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January 21, 2013
Cats travel to Alabama for 'guard's game' Tuesday
Alabama has mixed and matched its starting lineups all season, playing nine different combinations in 17 games.
But the common thread through all of them: They're guard-oriented.
That won't change when Kentucky (12-5, 3-1 SEC) plays at Alabama (11-6, 3-1 SEC) Tuesday at 9 p.m.
"This is a guard's game," coach John Calipari said. "This is going to be guards going at one another."
The Crimson Tide are led by three guards, each averaging more than 10 points per game (Trevor Releford, Trevor Lacey and Rodney Cooper), with two others averaging at least 18 minutes per game (Levi Randolph and Andrew Steele).
"The reality of it is, their guards … are the driving force with their team," Calipari said.
To match them, Kentucky will need its own rotation of guards to play well.
Calipari said his guards showed progress against Auburn. Archie Goodwin "played the best game he's played all year" against the Tigers, Calipari said, and Ryan Harrow responded to the physical play in the second half.
He'll need his backcourt to do the same against the Crimson Tide.
"Those two and Julius (Mays) are going to have to do that in this game," Calipari said.
Alabama's accustomed to a small lineup. Their most recent starting five featured a center and four guards.
"Well, for most of the games that we play in conference play we're undersized," Alabama coach Anthony Grant said, "so I think for us it's just about making sure that we bring a competitiveness to the court, to try to match the size and the speed and the physicality they can put on the court as well."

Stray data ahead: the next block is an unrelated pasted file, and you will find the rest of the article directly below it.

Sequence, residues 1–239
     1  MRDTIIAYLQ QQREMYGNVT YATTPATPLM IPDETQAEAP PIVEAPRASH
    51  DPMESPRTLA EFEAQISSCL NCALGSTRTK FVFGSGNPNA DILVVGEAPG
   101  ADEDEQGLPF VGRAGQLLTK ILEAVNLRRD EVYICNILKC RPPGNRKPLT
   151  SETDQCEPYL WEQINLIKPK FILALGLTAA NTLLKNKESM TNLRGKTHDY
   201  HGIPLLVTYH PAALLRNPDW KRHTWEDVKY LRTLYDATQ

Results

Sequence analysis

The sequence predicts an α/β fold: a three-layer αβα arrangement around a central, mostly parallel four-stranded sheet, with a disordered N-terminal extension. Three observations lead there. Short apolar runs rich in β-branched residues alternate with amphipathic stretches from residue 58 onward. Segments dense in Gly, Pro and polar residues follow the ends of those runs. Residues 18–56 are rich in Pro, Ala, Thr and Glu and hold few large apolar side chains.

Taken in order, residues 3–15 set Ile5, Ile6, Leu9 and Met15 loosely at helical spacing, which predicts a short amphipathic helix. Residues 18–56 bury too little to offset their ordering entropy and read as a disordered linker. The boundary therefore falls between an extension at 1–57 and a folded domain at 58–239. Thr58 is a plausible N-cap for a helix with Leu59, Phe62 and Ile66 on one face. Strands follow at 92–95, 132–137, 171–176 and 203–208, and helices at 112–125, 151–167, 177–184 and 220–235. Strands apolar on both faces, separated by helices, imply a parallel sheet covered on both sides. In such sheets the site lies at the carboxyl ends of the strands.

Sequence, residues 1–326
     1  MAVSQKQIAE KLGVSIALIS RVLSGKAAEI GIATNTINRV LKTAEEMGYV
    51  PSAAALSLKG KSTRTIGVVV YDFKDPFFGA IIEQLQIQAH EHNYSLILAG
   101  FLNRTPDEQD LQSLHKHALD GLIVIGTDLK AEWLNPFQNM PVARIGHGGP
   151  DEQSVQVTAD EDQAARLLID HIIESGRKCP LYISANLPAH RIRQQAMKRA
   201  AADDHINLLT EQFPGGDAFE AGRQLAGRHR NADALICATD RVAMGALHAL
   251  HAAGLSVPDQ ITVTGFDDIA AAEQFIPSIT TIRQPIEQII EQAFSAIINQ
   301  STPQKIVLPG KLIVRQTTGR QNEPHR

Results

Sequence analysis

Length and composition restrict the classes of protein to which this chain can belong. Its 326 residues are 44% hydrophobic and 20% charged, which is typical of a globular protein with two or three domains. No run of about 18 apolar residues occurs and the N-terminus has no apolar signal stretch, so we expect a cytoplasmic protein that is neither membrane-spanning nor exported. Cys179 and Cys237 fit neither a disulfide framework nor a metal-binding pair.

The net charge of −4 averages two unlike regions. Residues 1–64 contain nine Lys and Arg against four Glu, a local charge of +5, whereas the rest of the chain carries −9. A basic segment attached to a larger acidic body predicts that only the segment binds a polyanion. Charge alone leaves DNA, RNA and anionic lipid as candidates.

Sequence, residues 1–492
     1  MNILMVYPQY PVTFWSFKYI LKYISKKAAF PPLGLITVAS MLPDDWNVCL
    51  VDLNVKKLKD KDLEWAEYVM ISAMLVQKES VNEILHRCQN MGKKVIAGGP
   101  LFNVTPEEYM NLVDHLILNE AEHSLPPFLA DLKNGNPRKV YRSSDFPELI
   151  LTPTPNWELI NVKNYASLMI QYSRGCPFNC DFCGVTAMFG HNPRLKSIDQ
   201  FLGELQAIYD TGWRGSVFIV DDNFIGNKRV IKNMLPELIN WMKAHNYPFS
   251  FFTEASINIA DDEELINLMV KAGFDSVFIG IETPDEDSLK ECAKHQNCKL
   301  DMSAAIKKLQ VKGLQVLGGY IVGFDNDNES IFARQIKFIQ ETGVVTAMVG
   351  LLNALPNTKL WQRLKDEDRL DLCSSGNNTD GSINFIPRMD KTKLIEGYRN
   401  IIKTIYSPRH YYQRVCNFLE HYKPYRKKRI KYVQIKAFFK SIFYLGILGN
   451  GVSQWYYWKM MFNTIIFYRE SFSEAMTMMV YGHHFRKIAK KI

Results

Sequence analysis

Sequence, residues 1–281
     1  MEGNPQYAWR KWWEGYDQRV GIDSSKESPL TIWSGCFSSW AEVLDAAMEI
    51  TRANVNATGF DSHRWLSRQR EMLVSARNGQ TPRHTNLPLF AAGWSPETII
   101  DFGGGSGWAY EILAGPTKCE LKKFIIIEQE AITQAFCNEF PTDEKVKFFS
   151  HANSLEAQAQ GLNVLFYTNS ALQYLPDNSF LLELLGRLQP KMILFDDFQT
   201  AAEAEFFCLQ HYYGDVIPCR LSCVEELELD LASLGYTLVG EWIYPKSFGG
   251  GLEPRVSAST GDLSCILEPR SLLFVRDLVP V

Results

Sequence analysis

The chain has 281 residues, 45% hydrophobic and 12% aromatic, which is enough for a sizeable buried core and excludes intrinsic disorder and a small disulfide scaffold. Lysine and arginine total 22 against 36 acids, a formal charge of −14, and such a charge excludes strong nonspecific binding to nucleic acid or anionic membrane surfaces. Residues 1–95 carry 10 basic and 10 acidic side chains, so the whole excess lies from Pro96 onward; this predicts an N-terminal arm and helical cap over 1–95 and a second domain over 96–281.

Kentucky may be forced to go with a small lineup of its own if freshman center Willie Cauley-Stein is out for the second straight game.
Calipari said Cauley-Stein's status would depend on whether or not he practiced on Monday afternoon.
"I guess they're going to play small and we'll have to play small sometimes," UK guard Jarrod Polson said. "Or we can use it to our advantage being bigger than them, but either way I think we might have an advantage at that."
Even though the game will revolve around the guards, the big men will be a factor, too. Alabama's 7-foot center Moussa Gueye has started two SEC games and is playing 13.8 minutes per game. Forwards Devonta Pollard and Nick Jacobs combine for 41.1 minutes per game.
They'll have the opportunity to do so - Alabama ranks No. 12 in the 14-team SEC in offensive rebounds per game (10.3) and last in defensive rebounds per game (21.8).
"I think there is a lot more responsibility (on me)," Noel said of playing without Cauley-Stein. "Got to make sure I'm staying in the game and taking care of the paint and really holding it down."
Although Alabama may not have much size, that doesn't mean they won't make it a grind-it-out game, Calipari said. His team must be ready to grab 50-50 rebounds and play through bumps on drives.
The Cats have to handle pressure defense, too. Alabama is forcing opponents into 15.2 turnovers per game, fifth-most in the SEC.
"You got to relish it," Calipari said. "That's what you want. But if you don't want that, it's an issue."